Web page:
Book review ‘Beastly Thing’: The commissario plumbs corruption

Book review ‘Beastly Thing’: The commissario plumbs corruption
Article from The Seattle Times:

‘Beastly Things: A Commissario Guido Brunetti Mystery’

by Donna Leon

Atlantic Monthly Press, 296 pp., $ 25

“Beastly Things,” Donna Leon’s 21st mystery of her Commissario Guido Brunetti series set in Venice, doesn’t disappoint. All her trademark strengths shine in this swiftly paced, sophisticated tale of greed versus ethics.

Leon is an American who’s made Italy her home for 30 years. So it’s no accident that the changing times, rising prices, tiresome tourists and increasing pollution that trouble her echo and add authority to her characters’ concerns.

This time, the body of a man is found floating in a canal. He has no ID. Because there’s water in his lungs, the medical examiner says the victim was alive when thrown in. But the cause of death is three stab wounds in the back.

Brunetti and his assistant, Inspector Lorenzo Vianello, spend the bulk of the book hunting the corpse’s identity. As in past Leon mysteries, the pair owe a large debt of gratitude to their colleague, Signorina Elettra, a secretary/computer whiz who supplements their leg work with her sometimes less-than-legal electronic forays into the secret lives of the case…………………continues on The Seattle Times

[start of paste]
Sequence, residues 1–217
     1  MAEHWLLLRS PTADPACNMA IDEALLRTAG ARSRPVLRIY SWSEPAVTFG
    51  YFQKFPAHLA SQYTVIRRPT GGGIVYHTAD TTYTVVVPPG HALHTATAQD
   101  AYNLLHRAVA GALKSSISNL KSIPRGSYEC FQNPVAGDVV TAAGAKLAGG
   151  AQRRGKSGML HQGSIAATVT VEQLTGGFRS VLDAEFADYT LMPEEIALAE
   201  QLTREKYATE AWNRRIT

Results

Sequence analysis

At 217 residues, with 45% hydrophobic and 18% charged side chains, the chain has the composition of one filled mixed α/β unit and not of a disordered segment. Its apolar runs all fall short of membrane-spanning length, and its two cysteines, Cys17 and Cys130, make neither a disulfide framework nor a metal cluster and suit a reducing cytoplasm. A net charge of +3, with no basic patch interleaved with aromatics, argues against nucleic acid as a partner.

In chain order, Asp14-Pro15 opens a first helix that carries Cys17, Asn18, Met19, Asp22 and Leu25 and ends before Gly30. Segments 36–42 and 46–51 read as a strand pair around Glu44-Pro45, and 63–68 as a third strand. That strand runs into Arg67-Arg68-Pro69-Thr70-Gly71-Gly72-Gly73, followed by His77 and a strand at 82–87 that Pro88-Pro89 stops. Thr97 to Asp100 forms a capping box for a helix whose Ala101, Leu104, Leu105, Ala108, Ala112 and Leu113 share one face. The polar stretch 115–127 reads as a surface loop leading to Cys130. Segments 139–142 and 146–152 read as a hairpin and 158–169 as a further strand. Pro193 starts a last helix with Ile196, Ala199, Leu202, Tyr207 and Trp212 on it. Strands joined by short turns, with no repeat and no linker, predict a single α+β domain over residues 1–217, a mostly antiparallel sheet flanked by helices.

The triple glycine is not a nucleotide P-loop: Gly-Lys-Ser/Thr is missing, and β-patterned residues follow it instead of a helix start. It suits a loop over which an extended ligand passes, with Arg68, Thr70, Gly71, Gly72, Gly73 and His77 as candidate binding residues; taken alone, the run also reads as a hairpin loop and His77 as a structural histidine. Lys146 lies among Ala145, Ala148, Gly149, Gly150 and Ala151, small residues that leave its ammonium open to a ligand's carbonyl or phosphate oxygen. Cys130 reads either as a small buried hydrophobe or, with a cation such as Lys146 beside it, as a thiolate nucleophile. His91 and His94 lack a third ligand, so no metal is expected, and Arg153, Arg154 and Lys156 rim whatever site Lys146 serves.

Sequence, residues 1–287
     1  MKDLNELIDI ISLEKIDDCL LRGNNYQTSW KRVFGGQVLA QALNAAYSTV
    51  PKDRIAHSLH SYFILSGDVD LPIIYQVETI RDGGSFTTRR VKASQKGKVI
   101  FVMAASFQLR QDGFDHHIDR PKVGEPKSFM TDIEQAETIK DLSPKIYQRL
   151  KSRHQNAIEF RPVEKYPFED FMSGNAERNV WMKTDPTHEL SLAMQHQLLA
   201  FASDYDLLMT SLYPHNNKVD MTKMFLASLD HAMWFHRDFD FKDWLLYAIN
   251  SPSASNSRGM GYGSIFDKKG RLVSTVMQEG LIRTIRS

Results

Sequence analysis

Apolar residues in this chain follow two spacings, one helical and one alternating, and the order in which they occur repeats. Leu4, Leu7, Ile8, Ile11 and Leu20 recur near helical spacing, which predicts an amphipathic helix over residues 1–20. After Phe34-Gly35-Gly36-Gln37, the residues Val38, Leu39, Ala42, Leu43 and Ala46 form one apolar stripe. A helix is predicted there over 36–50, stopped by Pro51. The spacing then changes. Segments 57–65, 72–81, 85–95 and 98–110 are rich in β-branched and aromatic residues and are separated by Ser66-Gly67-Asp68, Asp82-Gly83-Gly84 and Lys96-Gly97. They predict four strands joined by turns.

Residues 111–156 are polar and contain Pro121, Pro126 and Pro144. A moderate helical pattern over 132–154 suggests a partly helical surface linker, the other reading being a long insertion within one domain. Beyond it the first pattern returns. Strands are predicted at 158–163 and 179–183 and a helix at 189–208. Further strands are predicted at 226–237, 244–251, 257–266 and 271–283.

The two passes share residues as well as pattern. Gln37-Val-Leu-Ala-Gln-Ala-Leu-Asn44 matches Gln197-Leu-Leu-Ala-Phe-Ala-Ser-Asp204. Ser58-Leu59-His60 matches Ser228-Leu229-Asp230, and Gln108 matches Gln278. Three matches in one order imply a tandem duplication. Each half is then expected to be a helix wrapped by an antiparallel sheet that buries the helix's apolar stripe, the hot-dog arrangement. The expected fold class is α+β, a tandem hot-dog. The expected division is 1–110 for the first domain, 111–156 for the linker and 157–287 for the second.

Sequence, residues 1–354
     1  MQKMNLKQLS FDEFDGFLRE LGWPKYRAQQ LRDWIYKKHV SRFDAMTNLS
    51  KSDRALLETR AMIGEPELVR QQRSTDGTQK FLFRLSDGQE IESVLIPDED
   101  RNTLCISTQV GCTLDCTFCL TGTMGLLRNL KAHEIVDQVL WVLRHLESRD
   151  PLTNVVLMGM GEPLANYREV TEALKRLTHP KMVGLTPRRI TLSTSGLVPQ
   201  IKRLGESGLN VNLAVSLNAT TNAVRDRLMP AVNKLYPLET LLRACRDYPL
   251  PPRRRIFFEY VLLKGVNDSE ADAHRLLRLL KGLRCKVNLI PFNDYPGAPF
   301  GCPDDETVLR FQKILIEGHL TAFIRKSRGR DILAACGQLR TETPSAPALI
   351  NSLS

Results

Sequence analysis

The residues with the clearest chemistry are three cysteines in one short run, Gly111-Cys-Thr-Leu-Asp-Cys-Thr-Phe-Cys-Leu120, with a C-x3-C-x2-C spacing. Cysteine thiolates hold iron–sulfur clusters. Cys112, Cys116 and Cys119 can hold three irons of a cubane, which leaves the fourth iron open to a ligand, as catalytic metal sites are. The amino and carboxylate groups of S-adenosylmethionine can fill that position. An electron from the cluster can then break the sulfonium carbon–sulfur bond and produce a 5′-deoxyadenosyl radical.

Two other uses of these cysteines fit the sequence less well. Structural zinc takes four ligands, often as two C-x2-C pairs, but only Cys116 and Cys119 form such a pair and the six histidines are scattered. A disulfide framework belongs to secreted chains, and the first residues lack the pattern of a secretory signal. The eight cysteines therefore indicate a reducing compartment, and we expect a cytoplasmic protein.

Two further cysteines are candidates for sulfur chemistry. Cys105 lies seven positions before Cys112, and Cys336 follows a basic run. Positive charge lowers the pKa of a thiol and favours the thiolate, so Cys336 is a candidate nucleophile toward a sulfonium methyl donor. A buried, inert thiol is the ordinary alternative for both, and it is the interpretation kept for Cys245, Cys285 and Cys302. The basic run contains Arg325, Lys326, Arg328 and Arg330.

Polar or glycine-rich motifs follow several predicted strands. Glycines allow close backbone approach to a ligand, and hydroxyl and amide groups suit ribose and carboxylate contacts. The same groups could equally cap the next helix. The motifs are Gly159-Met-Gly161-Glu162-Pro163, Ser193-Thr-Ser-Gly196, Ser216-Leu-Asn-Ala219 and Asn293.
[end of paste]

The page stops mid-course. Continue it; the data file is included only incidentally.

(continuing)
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Book Review | The Beginner’s Goodbye: Imperfect marriage described perfectly
Article from Columbus Dispatch:

By  Margaret Quamme

For The Columbus Dispatch Sunday April 15, 2012 5:38 AM

Few writers could get away with the premise of Anne Tyler’s new novel, The Beginner’s Goodbye: Several months after his wife’s sudden death, a young widower finds her there in the flesh again, examining beets at the farmers market or walking beside him as he strolls around the neighborhood.

It’s a plot that could easily sink into whimsy or sappiness, but Tyler’s light touch avoids both traps.

It helps that her hero is thoroughly ordinary. Aaron Woolcott, 35 when his wife dies, considers himself “unluckier but not unhappier” than other people. A bout with the flu when he was a toddler has left him with a crippled right arm and leg, a speech impediment that’s worse when he’s nervous and a prickly attitude toward anyone who offers him help.

Aaron and his older sister, Nandina, the sole remnants of their family, work at the family publishin…………………continues on Columbus Dispatch
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The Enchanted April (New York Review Books Classics)

The Enchanted April (New York Review Books Classics)

A recipe for happiness: four women, one medieval Italian castle, plenty of wisteria, and solitude as needed.

The women at the center of The Enchanted April are alike only in their dissatisfaction with their everyday lives. They find each other—and the castle of their dreams—through a classified ad in a London newspaper one rainy February afternoon. The ladies expect a pleasant holiday, but they don’t anticipate that the month they spend in Portofino will reintroduce them to their true natures and reacquaint them with joy. Now, if the same transformation can be worked on their husbands and lovers, the enchantment will be complete.

The Enchanted April was a best-seller in both England and the United States, where it was a

List Price: $ 14.95

Price: $ 7.04

New books tell the Titanic story

New books tell the Titanic story
Article from New York Daily News:

The British liner Titanic sails out of Southampton, England, on April 10, 1912, at the start of its doomed maiden voyage.